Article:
Heritage is a word commonly associated with Oriental rugs. Whenever someone is seeking an Oriental rug, they're looking for that "exotic" flavor--that irreplaceable look that can never be reciprocated. Have you ever wondered where the thematic nature of Oriental carpets comes from? There are of course many different kinds of Oriental rugs, but all share a name trait. This quality isn't something any object can simply inherit; rather, it's something that's built with a thorough amount of history behind itself.
There's a number of moving parts when it comes to an Oriental rug. The foundation's crafting; the weaving of the rug's knots over month after month; there saturation of dye into every handwoven fiber; and, finally, its finish. This process has had iteration after iteration across a flurry of cultures as time has passed.
With time's passing, one thing has remained constant: the purpose of an Oriental rug. When someone purchases an ordinary carpet, they're buying it to fill space and finish a room. While an Oriental rug accomplishes this, these reasons go far, far deeper. An Oriental rug isn't just an item to occupy an area--it's meant to venerate whatever space it's populating. Oriental rugs were initially created as highly stylized decorative pieces for royalty. Because of this primary directive, Oriental rugs have always been built to be the "centerpiece"--it can blend in, sync, or contrast with any area, but it will constantly be the "eye candy" your guests' eyes are drawn toward.
While Oriental carpets are no longer purely for royalty's possession, they still maintain the purpose of being a decorative addition meant to draw the eye and impress an audience. The history and work poured into an Oriental rug, regardless of its style, far outweighs the straightforward nature of a standard, machine made rug. Every Oriental rug has its own story, passed down from generation after generation that always leads back to its original founders.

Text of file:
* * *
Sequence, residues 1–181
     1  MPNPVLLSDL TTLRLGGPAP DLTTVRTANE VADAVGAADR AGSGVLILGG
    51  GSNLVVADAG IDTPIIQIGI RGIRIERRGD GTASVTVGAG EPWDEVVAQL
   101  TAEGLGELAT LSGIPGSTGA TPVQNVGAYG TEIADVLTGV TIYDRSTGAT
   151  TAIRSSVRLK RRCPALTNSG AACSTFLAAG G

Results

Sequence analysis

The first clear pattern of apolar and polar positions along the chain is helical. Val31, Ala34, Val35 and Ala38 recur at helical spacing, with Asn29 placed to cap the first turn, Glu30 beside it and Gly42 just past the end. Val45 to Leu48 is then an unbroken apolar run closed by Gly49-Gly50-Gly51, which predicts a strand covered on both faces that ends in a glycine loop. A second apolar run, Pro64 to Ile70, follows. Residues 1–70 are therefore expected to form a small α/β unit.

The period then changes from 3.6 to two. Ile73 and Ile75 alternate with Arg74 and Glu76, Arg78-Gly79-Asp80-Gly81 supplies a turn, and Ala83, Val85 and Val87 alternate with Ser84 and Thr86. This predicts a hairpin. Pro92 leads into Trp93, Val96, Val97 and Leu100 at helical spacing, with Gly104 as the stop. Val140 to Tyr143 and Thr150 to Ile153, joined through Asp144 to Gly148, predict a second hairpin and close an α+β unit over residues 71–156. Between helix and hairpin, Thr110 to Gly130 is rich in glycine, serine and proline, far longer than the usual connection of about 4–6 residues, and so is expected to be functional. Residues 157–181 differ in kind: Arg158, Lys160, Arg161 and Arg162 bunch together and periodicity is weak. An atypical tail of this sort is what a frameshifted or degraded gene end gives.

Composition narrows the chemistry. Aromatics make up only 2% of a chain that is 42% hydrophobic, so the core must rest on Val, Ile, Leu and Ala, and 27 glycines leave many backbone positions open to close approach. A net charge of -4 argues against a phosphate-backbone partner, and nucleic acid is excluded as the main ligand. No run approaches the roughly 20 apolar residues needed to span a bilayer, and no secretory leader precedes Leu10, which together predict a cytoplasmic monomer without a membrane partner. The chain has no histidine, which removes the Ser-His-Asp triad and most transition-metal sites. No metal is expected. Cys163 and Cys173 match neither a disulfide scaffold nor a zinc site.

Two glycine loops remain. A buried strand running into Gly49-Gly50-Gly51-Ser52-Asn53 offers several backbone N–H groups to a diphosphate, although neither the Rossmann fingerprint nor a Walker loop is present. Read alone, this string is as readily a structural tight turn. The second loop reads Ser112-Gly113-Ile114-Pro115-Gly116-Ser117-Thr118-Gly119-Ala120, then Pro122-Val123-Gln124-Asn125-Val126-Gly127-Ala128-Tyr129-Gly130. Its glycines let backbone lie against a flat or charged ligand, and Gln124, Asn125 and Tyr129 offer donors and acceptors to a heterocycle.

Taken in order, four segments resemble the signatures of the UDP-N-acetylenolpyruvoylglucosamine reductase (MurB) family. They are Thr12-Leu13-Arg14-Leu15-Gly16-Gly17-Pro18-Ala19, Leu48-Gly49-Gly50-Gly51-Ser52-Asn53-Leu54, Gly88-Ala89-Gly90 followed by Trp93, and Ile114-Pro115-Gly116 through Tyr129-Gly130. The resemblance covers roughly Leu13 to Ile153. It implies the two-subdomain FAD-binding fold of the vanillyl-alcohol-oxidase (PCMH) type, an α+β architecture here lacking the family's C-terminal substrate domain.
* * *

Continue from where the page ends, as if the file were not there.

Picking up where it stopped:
Let's look into the specific factors that play into an Oriental rug's antiquity:
- Each rug has its own style that's been a continuous hallmark of its composition. A rug's style is its main recognizable feature.
- Saturation of dyes. How long has it been since the rug's creation? Were these Oriental rugs only made during a certain period?
- Above all else, the length at which a rug has been on the market and, in turn, existed decides its antiquity.
Seems straightforward, no? These aspects dictate the accumulated antiquity of a rug but don't dictate the rug's nature as an antique. This statement may seem confusing, so let's put it in layman's terms:
All Oriental rugs retain the ability to become an antique. They automatically hone an antiquity look about them, and continue to refine this over time. All Oriental rugs initially resemble antiques, and more-so they refine into an antiquity approach as time passes. This is why Oriental rugs are seen as an item of "heritage"--the materials of their composition allows them to last for centuries and emblazon into a true antique nature as time goes on.
Whether your word for it is heritage, generational, or antiquity, the antique nature of an Oriental rug is a constantly present aspect. You can find it in any form across a multitude of levels as an ever present trait.
As always, cheers, and until next time!